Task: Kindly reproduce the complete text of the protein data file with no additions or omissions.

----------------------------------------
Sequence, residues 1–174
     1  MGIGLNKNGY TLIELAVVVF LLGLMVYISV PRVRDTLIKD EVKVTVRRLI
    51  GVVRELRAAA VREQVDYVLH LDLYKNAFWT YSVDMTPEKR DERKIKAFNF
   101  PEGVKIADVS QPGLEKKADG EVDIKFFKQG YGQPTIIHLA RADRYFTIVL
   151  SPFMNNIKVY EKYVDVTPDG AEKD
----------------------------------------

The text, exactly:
Sequence, residues 1–174
     1  MGIGLNKNGY TLIELAVVVF LLGLMVYISV PRVRDTLIKD EVKVTVRRLI
    51  GVVRELRAAA VREQVDYVLH LDLYKNAFWT YSVDMTPEKR DERKIKAFNF
   101  PEGVKIADVS QPGLEKKADG EVDIKFFKQG YGQPTIIHLA RADRYFTIVL
   151  SPFMNNIKVY EKYVDVTPDG AEKD